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Residents near New Mexico nuclear test site seek Obama visit

Mieko Mori prays in front of the Flame of Hiroshima and Nagasaki, a memorial monument for A-bomb victims where the flames collected from the ruins in the two cities since dropping of atomic bombs in 1945 have been kept burning at Ueno Park in Tokyo, Wednesday, May 11, 2016. Japanese are welcoming President Barack Obama's decision to visit the atomic-bombed city of Hiroshima, and those interviewed Wednesday said they aren't seeking an apology. "I don't live in Hiroshima or Nagasaki, but I am overcome with emotion when I think that someone who wants to offer understanding is finally about to arrive," said Mori. a 74-year-old woman who stopped at the memorial in Tokyo to pray for the victims. (AP Photo/Eugene Hoshiko)
May 11, 2016 - 12:25 PM

ALBUQUERQUE, N.M. - Residents of a historic Hispanic village near the site where the U.S. government tested the first atomic bomb have praised President Barack Obama's planned visit to Hiroshima — the Japanese city devastated by the first a-bomb used in war.

The residents, however, also want Obama to visit their village of Tularosa.

They say generations of villagers have suffered from cancers and other health problems resulting from the Trinity Test, but the federal government has yet to fully acknowledge those effects.

"It's high time that the federal government acknowledges the sacrifices New Mexicans made," said Tina Cordova, co-founder of the Tularosa Basin Downwinders. "We are still suffering from it."

The White House announced Tuesday that Obama will become the first sitting American president to visit Hiroshima.

The Aug. 6, 1945, attack on the city killed 140,000 people. Another bomb dropped on Nagasaki three days later killed 70,000 people. Japan surrendered less than a week later.

Scientists working in the secret city of Los Alamos, New Mexico, developed the atomic bomb as part of the Manhattan Project. The bomb was tested in a stretch of desert near towns with Hispanic and Native American residents.

Residents did not learn it was an atomic bomb until the U.S. dropped the weapon on Japan a month later.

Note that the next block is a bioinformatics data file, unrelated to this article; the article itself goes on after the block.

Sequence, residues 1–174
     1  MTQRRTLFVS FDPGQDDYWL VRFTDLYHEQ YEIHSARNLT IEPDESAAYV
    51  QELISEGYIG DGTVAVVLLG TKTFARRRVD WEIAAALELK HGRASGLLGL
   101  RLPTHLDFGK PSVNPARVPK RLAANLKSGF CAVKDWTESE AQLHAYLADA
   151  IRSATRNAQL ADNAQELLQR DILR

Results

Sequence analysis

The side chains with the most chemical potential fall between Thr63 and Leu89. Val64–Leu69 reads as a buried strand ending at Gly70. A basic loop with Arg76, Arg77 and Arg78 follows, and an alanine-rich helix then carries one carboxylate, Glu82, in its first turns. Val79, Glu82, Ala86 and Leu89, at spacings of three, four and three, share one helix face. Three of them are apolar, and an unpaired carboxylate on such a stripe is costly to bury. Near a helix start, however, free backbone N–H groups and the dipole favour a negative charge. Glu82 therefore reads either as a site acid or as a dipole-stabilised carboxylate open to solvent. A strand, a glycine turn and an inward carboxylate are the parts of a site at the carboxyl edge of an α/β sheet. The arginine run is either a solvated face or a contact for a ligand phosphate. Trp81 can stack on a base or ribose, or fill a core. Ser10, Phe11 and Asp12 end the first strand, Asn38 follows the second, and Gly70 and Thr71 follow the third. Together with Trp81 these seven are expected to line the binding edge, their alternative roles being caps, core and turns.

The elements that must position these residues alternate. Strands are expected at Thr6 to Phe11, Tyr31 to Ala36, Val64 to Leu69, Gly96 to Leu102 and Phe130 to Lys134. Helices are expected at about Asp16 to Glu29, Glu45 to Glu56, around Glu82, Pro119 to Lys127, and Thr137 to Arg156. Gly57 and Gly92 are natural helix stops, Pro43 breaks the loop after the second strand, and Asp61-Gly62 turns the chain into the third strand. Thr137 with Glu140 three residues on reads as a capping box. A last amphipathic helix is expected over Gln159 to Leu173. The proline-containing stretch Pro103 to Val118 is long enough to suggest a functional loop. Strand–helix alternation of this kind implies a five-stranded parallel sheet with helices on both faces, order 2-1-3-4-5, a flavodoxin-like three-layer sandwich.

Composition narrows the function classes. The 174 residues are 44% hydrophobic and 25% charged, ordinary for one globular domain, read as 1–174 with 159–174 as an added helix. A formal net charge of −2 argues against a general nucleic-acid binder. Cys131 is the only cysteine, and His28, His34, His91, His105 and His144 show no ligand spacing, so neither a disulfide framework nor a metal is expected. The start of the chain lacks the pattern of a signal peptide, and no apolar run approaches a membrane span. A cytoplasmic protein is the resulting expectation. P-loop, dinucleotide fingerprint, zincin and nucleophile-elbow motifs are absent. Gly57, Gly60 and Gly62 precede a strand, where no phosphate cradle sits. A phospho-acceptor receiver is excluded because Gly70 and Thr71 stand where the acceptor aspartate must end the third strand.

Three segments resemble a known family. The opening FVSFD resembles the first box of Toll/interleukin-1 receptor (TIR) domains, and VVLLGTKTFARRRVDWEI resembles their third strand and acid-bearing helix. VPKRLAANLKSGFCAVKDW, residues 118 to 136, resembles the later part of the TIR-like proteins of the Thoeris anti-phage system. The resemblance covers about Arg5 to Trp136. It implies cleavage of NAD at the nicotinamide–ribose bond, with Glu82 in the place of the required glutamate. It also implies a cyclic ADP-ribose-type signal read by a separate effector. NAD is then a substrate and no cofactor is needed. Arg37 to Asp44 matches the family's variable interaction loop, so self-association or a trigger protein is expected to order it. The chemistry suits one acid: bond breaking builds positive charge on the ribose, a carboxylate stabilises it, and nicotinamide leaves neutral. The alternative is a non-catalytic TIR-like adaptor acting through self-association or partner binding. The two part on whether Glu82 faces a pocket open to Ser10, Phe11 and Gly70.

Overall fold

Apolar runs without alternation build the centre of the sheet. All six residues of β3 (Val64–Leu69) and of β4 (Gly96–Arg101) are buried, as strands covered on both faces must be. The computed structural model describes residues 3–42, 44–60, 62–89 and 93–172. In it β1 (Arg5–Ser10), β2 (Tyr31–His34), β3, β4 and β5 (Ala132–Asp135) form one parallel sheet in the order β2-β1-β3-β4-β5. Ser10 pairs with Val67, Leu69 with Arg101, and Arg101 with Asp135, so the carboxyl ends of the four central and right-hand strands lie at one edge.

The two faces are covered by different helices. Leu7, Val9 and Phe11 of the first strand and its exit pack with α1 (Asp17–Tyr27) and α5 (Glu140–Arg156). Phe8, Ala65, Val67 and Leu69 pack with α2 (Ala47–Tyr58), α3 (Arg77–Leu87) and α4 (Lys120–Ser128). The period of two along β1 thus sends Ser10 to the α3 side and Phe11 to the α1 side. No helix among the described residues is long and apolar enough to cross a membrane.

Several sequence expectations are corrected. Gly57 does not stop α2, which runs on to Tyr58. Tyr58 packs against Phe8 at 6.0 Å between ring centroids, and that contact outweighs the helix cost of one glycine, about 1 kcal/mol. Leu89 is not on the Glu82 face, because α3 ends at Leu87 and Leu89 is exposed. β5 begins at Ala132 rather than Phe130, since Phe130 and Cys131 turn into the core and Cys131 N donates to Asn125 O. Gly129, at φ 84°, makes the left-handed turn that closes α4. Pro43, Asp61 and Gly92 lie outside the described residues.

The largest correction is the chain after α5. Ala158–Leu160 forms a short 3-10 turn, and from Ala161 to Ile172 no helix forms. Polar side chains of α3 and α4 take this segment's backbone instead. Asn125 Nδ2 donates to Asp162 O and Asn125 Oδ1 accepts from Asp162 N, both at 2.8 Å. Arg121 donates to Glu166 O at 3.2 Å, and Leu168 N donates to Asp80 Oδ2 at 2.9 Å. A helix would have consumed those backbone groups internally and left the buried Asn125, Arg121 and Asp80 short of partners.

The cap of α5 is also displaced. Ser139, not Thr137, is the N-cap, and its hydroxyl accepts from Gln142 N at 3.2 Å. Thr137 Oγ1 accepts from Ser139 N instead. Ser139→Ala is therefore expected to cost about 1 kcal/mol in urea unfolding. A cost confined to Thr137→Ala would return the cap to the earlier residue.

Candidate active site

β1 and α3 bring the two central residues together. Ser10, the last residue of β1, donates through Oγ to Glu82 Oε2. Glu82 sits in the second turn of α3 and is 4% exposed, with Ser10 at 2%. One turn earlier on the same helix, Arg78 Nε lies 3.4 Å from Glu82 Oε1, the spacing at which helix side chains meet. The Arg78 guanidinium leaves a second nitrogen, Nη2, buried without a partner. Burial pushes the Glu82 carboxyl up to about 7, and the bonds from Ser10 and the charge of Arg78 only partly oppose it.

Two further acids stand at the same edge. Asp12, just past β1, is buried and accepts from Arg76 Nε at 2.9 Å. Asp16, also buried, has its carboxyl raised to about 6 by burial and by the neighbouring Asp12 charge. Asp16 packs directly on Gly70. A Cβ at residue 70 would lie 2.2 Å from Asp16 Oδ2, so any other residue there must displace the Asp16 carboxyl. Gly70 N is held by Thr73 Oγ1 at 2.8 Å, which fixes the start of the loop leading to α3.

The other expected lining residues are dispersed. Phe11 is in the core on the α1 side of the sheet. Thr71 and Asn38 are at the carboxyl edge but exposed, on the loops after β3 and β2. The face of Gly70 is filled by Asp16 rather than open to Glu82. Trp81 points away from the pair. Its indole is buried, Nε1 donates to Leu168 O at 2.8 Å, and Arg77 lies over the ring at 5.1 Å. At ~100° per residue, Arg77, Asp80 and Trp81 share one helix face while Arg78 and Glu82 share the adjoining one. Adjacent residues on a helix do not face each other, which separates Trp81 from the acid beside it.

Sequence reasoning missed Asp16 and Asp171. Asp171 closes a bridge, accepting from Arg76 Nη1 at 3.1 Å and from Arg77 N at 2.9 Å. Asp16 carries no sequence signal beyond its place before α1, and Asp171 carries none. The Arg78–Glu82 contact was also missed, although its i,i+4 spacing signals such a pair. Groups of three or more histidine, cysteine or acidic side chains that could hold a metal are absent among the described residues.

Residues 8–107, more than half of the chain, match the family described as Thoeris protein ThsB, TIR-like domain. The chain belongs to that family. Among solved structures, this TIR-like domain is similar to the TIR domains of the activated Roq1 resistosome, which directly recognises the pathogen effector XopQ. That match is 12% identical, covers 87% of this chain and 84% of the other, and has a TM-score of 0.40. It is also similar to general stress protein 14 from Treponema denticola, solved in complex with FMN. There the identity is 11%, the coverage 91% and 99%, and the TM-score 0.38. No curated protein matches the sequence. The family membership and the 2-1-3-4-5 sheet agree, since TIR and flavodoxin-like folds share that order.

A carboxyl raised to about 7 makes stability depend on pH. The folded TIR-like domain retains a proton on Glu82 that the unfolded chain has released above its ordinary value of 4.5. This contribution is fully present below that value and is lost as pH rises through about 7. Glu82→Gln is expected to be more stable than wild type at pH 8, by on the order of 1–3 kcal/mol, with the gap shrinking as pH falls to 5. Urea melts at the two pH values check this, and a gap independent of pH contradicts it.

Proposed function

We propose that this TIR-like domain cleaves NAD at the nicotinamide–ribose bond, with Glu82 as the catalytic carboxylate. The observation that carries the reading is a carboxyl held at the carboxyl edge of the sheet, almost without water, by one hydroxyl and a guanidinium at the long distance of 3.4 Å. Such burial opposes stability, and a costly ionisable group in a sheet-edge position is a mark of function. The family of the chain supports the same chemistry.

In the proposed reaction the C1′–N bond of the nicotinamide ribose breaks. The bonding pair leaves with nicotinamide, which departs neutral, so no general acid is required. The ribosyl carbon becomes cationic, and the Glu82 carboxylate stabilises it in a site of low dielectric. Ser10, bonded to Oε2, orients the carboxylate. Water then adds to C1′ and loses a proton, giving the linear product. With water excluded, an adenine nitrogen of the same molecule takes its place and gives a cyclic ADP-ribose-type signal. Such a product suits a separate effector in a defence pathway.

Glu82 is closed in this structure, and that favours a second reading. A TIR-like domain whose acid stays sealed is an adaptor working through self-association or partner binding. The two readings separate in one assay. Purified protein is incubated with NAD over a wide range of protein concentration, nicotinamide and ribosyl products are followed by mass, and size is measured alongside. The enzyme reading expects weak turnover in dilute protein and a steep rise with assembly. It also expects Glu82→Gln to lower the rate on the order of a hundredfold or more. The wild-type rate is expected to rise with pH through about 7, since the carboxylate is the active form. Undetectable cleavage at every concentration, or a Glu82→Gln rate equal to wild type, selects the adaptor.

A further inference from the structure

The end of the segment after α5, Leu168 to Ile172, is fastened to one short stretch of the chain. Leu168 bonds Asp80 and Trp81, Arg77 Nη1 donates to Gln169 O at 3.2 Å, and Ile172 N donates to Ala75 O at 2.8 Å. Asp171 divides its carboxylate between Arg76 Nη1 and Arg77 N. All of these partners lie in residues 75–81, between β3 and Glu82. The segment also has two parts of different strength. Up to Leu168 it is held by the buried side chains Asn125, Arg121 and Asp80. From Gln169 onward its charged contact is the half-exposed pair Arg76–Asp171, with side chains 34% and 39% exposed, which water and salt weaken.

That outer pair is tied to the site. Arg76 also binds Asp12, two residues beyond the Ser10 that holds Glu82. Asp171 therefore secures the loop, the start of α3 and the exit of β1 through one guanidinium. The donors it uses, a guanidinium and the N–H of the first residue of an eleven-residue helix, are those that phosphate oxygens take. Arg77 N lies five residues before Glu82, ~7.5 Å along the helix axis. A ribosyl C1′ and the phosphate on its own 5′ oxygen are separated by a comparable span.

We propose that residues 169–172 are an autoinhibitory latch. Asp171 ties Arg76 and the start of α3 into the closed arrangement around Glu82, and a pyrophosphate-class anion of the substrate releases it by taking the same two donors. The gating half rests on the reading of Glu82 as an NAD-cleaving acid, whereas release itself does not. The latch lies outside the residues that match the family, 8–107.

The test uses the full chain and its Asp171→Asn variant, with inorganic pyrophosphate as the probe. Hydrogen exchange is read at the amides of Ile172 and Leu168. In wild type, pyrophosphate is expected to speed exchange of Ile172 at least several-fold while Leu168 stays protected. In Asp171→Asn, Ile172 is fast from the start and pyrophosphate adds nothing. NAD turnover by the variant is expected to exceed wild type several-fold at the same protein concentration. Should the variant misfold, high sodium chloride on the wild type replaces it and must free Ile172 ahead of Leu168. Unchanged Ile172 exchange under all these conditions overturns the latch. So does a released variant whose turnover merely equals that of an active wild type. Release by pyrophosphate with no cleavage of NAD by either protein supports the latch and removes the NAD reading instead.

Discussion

Cordova said Tularosa will hold a candlelight vigil on July 16 — the anniversary of the Trinity Test — and invite Obama to attend.

She said her group is collecting health surveys from affected residents using a $25,000 Santa Fe Community Foundation grant and hoping to get more money to organize the data.

Tularosa and other area residents were not included in the federal Radiation Exposure Compensation Act program, which provides a $50,000 payout as compensation for health problems.

The law only covers areas in Nevada, Arizona and Utah that are downwind from a different test site.

Officials with the U.S. Justice Department's Civil Division, which oversees the program, said Congress would have to amend the act to expand payouts to New Mexico residents.

Cordova said affected people in New Mexico may have been excluded because of racism since many are Hispanic and American Indian.

In a statement, U.S. Sen. Tom Udall, D-N.M., said residents of Tularosa deserve recognition from their government and coverage under the Radiation Exposure Compensation Act.

"But while our nation has long recognized the horrific suffering endured by the victims in Hiroshima and Nagasaki, we have not adequately recognized the suffering endured by the victims of the Trinity blast right here in New Mexico," Udall said.


Follow Russell Contreras on Twitter at . His work can be found at .

News from © The Associated Press, 2016
The Associated Press

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